Dustin Johnson has finished his last two
But for the second consecutive tournament, a closing 66 from one of the longest hitters in the game was good enough only for second place.
Dustin Johnson, silver medalist. Again.
Johnson's misfortune Sunday was that
For the second day in a row, Watson shot a bogey-free, seven-under-par 64, the strongest finish in the history of the tournament. Four strokes off the lead after three rounds, Watson wound up at 15-under-par 269 and won by two shots over Johnson.
Watson grabbed the gold and wouldn't let anyone else take it away.
Johnson, who won his first event of the season and has finished sixth, second and second in three others, was philosophical afterward.
"You know, when you shoot 14 under on the weekend . . . it's tough to beat that," said Johnson, who was seeking his ninth PGA Tour victory on Sunday.
Watson, who won for the fifth time on tour but first since the 2012 Masters, gave no indication when he teed off on his first hole, No. 10, on Thursday that this kind of performance was ahead of him. He double-bogeyed the short par four, and added another double bogey on his third hole, the 12th.
After two rounds, he was one under par, eight shots off the lead and tied for 40th.
Saturday, his first 64 put the leaders within sight. And the five men ahead of him — with a total of three tournament wins in their careers — weren't players accustomed to playing for PGA Tour championships, particularly events with the pedigree of this one.
Two of them stayed with the leaders Sunday. Jason Allred, the former Pepperdine player who had qualified for the field only on Monday and was three shots off the lead to start, shot a 68 to finish tied for third. Left-hander Brian Harman, also three back to start and a player who had missed the cut in three of his previous five tournaments, matched Allred's 68.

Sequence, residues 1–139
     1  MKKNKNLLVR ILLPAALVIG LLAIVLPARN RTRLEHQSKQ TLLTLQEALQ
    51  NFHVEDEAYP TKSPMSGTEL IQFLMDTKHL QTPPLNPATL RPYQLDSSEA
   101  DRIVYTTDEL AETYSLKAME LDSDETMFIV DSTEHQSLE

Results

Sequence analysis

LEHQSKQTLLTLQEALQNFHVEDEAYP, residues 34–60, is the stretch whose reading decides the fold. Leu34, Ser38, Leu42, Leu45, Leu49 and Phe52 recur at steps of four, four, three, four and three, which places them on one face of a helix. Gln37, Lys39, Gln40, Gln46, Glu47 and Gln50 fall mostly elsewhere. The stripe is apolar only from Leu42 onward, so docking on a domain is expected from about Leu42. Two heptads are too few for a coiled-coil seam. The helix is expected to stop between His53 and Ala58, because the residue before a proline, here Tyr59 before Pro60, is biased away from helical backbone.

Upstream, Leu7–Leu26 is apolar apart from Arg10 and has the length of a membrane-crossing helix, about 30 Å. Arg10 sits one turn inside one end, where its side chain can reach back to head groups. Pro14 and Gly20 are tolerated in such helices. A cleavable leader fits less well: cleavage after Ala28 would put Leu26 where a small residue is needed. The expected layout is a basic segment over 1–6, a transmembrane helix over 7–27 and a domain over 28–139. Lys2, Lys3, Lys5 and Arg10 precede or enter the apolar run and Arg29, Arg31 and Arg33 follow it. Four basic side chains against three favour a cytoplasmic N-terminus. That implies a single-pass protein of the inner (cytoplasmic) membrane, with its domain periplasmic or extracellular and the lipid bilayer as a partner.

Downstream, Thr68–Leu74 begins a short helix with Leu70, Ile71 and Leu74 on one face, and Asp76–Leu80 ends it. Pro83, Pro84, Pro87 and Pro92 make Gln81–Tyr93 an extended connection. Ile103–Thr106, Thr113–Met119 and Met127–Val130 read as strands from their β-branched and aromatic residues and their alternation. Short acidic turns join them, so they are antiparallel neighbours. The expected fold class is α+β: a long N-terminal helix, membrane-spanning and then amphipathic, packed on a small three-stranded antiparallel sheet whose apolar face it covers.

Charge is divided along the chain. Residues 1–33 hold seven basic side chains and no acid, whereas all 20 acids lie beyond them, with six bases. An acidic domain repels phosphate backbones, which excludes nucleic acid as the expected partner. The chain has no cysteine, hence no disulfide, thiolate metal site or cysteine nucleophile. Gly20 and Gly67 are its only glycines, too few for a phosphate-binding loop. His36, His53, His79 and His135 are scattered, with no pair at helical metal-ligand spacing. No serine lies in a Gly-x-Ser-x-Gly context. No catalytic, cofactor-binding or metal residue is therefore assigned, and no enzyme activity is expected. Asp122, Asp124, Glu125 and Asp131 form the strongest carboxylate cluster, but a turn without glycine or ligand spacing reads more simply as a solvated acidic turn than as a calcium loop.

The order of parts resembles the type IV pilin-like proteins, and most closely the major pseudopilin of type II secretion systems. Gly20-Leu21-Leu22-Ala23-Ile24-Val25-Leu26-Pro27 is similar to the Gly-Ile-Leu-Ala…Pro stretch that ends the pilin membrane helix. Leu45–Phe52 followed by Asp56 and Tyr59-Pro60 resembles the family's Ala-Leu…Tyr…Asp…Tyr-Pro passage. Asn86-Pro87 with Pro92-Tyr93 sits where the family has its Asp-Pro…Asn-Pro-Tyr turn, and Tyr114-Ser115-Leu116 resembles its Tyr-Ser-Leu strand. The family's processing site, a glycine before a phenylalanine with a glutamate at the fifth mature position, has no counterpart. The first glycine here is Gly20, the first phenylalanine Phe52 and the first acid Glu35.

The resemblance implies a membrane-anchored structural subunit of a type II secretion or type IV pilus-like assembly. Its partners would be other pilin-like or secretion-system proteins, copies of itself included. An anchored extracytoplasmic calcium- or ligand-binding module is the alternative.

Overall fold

"I had a couple of chances to put some pressure on Bubba and make him feel a little bit of heat," said Harman, who played in the same group with Watson.
But Watson made every putt he needed to and offered no openings.
Whenever Watson got in trouble, he got himself out. On the par-five first hole, he pulled his tee shot 40 yards right of the fairway, hooked a seven-iron 190 yards to the green in a way that defied the laws of physics and two-putted for birdie.
On the par-three sixth hole, he had trouble figuring out what club to hit, knocked his tee shot in the deep bunker to the left of the green . . . then holed out from the sand for a birdie that tied him for the lead.
Watson was simply hoping to give himself a reasonable putt for par.
"The key is trying to get up and down, not trying to make it, obviously," he said. ". . . Somehow it went in."
Among Watson's seven birdies were one at the par-three fourth, a hole longer than "War and Peace" that was rated hardest on the course for the tournament, and another on the par-four 18th. He was the only player among the top nine finishers to finish with a birdie.
Watson hasn't had great success at Riviera; he had missed the cut three of the seven times he'd played before this year. But he likes the course.
"They don't trick it up," he said of Riviera. "It just is what it is, and it's tough. . . . This is where I'm just comfortable."
And now, very successful.